Customer value propositions are an essential part of a company’s business strategy and the foundation for all of its marketing and sales efforts. Unfortunately, many companies don’t devote enough time and energy to defining their customer value propositions, and as a result, their marketing and sales efforts aren’t as productive as they could be.
It’s difficult to overstate the importance of compelling value propositions. In Playing to Win: How Strategy Really Works, A.G. Lafley and Roger L. Martin argue that a business strategy is essentially the answers to five interrelated questions, the two most important of which are:
- Where will you play?
- How will you win?
A few years ago, CEB conducted a survey of decision makers in B2B companies and found that only 57% of the “unique benefits” touted by sellers were seen by potential buyers as having enough impact to create a preference for a particular seller.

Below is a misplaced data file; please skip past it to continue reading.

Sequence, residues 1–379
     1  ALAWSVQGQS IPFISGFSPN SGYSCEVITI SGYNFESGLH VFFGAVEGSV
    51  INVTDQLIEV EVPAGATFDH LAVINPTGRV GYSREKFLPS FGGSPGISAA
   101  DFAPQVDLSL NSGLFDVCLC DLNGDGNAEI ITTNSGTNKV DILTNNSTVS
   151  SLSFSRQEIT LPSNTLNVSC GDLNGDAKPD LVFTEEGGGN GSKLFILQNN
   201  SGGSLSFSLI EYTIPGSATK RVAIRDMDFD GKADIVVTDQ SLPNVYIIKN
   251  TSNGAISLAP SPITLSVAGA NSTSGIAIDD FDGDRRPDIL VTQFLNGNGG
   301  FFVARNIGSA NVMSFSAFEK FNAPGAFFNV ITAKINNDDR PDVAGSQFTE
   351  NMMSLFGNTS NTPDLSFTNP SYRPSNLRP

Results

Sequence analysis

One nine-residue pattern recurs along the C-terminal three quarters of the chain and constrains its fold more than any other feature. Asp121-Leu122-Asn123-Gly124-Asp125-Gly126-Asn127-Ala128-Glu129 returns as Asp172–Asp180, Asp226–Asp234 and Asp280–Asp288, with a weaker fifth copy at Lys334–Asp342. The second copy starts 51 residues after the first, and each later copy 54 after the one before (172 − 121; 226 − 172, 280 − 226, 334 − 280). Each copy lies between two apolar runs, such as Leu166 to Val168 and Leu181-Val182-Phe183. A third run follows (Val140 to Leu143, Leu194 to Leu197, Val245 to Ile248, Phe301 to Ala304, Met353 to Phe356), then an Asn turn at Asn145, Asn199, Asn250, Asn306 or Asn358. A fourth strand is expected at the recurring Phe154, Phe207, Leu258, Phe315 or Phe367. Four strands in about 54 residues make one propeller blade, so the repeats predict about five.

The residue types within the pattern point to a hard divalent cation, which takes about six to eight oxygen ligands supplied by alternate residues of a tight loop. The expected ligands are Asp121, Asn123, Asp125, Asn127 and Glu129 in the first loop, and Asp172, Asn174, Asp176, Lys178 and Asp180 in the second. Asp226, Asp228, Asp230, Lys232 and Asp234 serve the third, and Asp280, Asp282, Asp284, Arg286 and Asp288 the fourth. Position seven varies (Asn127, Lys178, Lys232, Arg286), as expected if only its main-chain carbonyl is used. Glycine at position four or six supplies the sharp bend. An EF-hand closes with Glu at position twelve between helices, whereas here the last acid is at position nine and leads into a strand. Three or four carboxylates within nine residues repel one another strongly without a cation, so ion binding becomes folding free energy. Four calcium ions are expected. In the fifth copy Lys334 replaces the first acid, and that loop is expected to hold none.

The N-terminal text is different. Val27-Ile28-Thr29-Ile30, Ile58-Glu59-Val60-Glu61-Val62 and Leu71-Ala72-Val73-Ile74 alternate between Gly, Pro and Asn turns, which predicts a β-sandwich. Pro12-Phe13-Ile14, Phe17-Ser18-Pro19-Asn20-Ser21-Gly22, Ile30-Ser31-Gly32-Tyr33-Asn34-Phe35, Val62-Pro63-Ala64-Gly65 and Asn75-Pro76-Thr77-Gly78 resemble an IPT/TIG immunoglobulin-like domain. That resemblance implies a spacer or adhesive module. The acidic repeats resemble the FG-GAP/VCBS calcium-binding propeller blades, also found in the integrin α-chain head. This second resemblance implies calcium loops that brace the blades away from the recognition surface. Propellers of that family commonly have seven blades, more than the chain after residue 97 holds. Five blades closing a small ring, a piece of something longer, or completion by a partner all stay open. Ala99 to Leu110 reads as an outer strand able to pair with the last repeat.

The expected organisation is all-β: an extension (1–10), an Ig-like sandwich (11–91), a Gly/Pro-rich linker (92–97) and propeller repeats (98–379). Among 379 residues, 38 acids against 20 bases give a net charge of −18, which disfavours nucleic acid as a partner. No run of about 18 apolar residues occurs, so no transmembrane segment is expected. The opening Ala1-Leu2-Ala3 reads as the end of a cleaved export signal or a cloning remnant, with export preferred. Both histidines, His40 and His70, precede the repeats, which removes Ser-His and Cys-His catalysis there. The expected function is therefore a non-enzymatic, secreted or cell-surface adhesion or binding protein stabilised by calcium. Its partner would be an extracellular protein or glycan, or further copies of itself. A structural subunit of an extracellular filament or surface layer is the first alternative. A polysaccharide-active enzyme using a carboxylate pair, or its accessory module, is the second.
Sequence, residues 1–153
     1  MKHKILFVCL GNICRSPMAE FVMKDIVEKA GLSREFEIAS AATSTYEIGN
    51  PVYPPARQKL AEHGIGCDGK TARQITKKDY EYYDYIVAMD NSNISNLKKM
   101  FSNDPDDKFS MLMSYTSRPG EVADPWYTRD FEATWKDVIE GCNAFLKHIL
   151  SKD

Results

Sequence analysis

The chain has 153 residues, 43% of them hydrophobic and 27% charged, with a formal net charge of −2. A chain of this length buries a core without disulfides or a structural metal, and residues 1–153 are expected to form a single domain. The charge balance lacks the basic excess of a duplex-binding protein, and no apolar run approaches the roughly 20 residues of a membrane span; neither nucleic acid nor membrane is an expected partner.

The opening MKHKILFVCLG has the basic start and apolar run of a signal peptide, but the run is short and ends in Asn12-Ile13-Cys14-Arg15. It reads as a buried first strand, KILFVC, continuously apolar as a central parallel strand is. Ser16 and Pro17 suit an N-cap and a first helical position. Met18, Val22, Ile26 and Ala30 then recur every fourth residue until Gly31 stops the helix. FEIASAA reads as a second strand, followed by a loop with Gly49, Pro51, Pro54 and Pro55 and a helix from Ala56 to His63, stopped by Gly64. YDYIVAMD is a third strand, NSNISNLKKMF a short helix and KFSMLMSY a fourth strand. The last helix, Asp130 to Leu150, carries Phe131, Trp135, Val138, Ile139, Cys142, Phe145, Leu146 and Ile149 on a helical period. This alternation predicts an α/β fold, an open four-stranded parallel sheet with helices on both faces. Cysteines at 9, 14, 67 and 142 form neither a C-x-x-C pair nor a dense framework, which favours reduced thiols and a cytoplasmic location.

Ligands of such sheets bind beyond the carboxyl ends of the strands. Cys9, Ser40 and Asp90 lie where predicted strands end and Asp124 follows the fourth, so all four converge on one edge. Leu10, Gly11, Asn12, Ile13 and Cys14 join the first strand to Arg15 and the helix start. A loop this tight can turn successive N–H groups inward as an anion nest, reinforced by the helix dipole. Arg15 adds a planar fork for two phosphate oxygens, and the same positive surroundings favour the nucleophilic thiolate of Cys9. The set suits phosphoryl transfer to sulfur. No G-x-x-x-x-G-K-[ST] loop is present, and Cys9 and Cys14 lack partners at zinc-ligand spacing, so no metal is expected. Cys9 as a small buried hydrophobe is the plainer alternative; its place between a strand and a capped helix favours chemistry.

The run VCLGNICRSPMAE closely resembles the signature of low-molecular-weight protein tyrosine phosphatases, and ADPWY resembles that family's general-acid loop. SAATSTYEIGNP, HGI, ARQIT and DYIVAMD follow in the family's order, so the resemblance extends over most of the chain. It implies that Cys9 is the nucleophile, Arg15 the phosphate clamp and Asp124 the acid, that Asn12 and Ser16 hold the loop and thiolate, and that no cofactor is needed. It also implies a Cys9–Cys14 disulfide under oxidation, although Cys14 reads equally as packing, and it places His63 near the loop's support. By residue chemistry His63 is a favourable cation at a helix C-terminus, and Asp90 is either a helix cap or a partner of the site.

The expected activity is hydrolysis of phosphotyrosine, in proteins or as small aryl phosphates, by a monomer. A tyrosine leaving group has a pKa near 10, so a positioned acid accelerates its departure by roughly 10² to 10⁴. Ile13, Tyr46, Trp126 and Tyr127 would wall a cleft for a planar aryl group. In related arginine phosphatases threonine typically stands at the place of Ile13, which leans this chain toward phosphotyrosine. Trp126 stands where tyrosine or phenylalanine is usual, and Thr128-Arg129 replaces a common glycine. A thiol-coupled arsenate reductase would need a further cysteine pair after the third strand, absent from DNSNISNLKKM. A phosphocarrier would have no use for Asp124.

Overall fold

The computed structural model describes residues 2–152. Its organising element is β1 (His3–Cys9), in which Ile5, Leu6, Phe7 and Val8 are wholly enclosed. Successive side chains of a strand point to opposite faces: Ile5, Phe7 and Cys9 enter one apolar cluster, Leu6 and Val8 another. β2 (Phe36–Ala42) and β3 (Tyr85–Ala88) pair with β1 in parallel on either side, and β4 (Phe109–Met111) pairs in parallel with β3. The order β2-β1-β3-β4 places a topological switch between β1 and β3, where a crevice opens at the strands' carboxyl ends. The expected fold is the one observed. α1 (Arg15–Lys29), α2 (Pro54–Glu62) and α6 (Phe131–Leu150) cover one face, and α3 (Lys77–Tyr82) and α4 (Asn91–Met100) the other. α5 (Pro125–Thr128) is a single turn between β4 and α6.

- They are too generic. They don’t speak to how value is created for specific types of companies or buyers.
- They focus on product or service features rather than on the tangible results a customer obtains by using a product or service.
- The don’t include credible supporting evidence.
- What are all of the significant reasons that people have for purchasing a product or service like mine? What problems or needs motivate the buying decision?
- What kinds of companies are likely to have the problems or needs that underlie these reasons to buy?
- Who within the prospect organization is affected by each problem or need? Who has the most to gain if the problem is solved and the most to lose if it isn’t?
- What specific outcomes are these people seeking?
- What features of my solution will produce these desired outcomes?
- What will the business/economic benefits be if these desired outcomes are achieved?